Once uninsured adults became eligible for Medicare coverage, the differences in preventive testing rates between the two groups were dramatically reduced. Differences in cholesterol testing rates between previously uninsured and insured patients fell from 35 percentage points before Medicare eligibility to 18 percentage points after Medicare eligibility; differences in mammography testing rates dropped from 30 percentage points to 15 percentage points; and differences in prostate cancer screening rates fell from 45 percentage points to 20 percentage points.

With one exception, the results did not differ for uninsured adults by sex, race/ethnicity, income, employment status, or presence of diabetes or hypertension. For cholesterol testing, the gap between the continuously uninsured and the insured groups was reduced significantly more among those with hypertension or diabetes, from 37 percentage points to 8 percentage points (a 29 percentage point difference), than among adults without either condition, who experienced a drop of only 8 percentage points. Patients with hypertension or diabetes face an increased risk of heart disease or stroke, so they are most likely to benefit from cholesterol testing and treatment.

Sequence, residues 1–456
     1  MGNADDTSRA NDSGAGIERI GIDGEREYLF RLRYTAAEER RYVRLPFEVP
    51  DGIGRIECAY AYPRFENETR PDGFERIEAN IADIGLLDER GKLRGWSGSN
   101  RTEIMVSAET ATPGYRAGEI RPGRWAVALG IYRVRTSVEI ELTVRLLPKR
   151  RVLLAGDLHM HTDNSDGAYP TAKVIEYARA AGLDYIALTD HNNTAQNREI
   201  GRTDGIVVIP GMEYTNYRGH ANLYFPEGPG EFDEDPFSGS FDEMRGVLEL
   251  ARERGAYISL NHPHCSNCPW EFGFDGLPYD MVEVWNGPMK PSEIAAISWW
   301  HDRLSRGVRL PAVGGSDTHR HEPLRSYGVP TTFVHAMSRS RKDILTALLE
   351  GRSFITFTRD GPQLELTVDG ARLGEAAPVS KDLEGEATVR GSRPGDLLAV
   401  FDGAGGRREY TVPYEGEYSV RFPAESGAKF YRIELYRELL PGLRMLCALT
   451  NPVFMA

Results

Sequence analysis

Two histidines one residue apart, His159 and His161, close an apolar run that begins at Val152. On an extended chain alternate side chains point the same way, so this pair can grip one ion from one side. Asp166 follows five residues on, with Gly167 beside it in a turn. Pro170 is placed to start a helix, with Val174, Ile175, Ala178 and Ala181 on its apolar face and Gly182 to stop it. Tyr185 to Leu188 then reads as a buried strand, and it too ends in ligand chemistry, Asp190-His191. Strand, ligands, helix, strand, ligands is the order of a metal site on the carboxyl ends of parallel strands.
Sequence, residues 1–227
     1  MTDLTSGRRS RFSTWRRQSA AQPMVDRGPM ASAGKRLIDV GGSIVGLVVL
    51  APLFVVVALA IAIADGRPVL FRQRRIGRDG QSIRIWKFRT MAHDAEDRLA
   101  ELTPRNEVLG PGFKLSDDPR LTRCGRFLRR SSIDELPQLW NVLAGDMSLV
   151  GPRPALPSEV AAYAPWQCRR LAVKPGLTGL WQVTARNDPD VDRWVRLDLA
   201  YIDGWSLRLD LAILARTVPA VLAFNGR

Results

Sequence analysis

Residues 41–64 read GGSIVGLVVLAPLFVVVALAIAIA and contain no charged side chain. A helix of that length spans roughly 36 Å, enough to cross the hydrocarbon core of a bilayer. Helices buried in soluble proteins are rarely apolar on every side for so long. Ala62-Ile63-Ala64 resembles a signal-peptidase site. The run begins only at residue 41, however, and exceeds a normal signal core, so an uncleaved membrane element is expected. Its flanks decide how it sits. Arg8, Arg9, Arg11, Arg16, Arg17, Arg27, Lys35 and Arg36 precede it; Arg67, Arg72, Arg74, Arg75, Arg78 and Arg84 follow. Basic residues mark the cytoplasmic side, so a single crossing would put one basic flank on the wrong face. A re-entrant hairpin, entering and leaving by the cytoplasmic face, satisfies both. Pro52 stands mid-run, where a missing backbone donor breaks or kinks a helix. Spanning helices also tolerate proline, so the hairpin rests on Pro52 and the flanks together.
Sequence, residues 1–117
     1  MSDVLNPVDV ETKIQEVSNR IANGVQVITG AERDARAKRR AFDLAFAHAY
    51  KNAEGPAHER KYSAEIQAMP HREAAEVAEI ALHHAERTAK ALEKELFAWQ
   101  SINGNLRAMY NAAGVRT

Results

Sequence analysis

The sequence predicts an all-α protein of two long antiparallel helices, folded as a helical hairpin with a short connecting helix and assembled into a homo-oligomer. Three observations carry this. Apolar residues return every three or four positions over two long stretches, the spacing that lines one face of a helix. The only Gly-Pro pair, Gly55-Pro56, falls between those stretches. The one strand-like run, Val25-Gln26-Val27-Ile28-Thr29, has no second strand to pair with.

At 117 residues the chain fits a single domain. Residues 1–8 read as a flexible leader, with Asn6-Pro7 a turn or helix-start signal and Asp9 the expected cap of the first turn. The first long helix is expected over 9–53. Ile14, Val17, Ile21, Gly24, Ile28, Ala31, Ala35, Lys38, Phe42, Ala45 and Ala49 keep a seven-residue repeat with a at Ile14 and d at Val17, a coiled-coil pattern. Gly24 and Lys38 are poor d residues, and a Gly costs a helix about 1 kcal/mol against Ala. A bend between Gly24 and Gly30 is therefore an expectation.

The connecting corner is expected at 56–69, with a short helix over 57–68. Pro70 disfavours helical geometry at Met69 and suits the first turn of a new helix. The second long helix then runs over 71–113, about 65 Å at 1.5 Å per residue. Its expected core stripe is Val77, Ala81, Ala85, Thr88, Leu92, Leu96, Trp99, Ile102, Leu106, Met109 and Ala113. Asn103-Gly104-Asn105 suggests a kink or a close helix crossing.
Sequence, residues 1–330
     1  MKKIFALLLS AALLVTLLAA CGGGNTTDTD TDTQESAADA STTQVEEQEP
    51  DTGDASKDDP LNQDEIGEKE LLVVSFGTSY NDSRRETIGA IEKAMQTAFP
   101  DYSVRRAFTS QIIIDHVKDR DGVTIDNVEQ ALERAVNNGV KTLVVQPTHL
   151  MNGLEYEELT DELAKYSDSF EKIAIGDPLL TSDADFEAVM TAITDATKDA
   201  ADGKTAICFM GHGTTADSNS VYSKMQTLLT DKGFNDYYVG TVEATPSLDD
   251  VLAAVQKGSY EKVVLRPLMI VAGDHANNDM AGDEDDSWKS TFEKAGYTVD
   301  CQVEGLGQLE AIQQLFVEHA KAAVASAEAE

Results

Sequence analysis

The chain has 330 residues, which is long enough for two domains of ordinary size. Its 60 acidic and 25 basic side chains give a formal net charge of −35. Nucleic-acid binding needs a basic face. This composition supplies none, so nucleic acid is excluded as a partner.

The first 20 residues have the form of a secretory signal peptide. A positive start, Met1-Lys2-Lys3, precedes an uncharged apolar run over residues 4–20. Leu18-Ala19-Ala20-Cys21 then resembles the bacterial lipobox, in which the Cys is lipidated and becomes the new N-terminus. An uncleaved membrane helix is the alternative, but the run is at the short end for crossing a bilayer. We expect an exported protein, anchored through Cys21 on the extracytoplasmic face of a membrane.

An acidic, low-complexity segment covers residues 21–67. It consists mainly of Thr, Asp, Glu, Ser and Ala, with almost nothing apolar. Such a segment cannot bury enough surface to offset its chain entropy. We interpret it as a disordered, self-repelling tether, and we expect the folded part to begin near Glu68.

"The marked increases in the use of mammography and cholesterol testing show distinct benefits for previously uninsured adults who gain Medicare coverage," said Dr. Ayanian, one of the authors of the study and a researcher at Harvard Medical School. "Extending Medicare coverage to these adults before age 65 has the potential to save many lives through prevention or earlier detection and treatment of major medical conditions such as cancer or heart disease."